Memorial March Poster 2011 270x349 Pre Thanksgiving March Will Memorialize Iowas Lost ChildrenThe march has changed lives. Several years ago, an Internet image of the march inspired a Native boy to stand his ground. “The child had acquiesced to adoption into a white home after years of being told, ‘your people have forgotten about you, your people are drunks and no-goods,’” said LaMere, who was present at a final adjudication in the case. Then one day, the boy was clicking around the web and saw a photograph of the march. “He was shocked. He told the court he’d been lied to. He said he saw hundreds of people looking for their lost children. ‘They were marching for me,’ the boy said. ‘They were looking for me.’ He balked at the adoption and was returned to his tribe.”

On another occasion, an adoptive family watching a television segment on the march happened to see a Native mother who’d lost her parental rights years before carrying a baby picture they recognized. “All excited, the adoptive mother called me and arranged to bring the child to be reunited with the birth mother,” recalled LaMere.

Events surrounding this year’s march—which is also supported by other local groups, including the Community Initiative for Native Children and Families, a coalition of government agencies and nonprofits—begin November 22 with a prayer gathering at 7 p.m. at the Marina Inn, in South Sioux City. The next morning, November 23, at 9 a.m., the marchers progress, rain or shine, into Sioux City, where they stop at the Woodbury County Courthouse and the Department of Human Services. In both places, strangers decide the fate of Native people, according to LaMere.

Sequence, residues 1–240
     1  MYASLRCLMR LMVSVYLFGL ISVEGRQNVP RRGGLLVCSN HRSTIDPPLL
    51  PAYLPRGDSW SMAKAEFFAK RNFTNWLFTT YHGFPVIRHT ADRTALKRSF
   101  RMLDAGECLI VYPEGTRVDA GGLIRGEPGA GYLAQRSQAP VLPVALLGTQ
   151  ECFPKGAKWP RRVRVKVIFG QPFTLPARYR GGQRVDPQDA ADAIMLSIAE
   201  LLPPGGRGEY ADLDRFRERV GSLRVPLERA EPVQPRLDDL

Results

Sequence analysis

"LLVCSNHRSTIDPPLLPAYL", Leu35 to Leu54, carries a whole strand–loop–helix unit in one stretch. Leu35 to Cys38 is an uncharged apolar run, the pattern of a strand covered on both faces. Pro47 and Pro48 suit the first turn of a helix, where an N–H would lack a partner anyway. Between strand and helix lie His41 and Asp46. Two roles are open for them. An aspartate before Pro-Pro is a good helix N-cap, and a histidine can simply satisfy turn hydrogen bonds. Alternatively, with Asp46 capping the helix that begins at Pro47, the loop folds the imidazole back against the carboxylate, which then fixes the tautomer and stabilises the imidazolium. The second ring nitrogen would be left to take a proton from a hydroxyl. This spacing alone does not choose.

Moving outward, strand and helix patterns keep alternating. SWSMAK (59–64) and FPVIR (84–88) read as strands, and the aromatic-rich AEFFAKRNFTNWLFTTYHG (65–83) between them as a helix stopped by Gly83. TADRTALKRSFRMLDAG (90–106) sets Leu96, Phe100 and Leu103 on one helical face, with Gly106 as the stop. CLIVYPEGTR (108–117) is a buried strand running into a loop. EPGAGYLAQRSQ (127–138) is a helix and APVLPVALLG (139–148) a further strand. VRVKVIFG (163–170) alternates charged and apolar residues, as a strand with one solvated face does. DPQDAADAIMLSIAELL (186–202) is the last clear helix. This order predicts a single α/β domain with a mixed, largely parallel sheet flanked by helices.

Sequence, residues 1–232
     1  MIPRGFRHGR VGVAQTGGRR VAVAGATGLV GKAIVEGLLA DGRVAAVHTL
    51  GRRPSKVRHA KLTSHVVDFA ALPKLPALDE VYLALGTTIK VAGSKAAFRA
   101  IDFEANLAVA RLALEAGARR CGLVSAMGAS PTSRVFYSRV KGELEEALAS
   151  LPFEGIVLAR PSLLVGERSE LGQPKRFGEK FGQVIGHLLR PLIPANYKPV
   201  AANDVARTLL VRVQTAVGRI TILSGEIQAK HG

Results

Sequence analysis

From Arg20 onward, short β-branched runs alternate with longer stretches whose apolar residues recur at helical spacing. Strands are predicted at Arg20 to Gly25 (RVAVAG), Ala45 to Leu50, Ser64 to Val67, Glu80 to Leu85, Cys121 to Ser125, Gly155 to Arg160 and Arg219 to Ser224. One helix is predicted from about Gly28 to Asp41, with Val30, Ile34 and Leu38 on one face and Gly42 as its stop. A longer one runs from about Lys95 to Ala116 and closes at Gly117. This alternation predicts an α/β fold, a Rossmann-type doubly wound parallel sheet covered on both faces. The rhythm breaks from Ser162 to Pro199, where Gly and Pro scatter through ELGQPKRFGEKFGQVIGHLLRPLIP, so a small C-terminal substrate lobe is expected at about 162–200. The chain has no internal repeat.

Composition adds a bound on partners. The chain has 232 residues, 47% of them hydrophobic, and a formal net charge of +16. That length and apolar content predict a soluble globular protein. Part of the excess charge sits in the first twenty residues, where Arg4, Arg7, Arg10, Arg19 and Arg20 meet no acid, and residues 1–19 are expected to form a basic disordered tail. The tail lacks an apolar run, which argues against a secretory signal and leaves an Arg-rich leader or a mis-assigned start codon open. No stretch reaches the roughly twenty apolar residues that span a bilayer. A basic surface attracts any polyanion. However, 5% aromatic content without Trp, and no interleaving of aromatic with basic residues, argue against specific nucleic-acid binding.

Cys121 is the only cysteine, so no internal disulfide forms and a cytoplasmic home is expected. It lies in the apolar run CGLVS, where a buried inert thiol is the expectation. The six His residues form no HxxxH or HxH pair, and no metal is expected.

The reception at each building is expected to be different than it was nine years ago, when a sheriff tried to stop marchers from entering the courthouse, said LaMere. This year, the group will be welcomed and will have an opportunity to read a letter calling for a national investigation into non-compliance with the Indian Child Welfare Act. “There are no grey areas in ICWA,” said LaMere. “But racist judges, attorneys, guardians ad litem and more are feeding the system, making money off our kids with their decisions.”

Two special guests during the event will include Cade and Jace Courtright, 14-year-old Rosebud Sioux twins who’ve just been reunited with their mother with the help of LaMere and Four Directions program director, Judy Yellowbank, Winnebago Tribe of Nebraska. Cade relies on a wheelchair, and Jace is blind, so LaMere suggested the twins meet the march at the Four Directions Community Center dinner that closes the event. However, the boys insisted on making the journey with the other marchers. “We’ll do whatever is necessary to make that happen,” said LaMere. “An elder once told us that the prayers of children are very powerful, more powerful than those of adults. Those boys’ presence during this time is a gift to us.”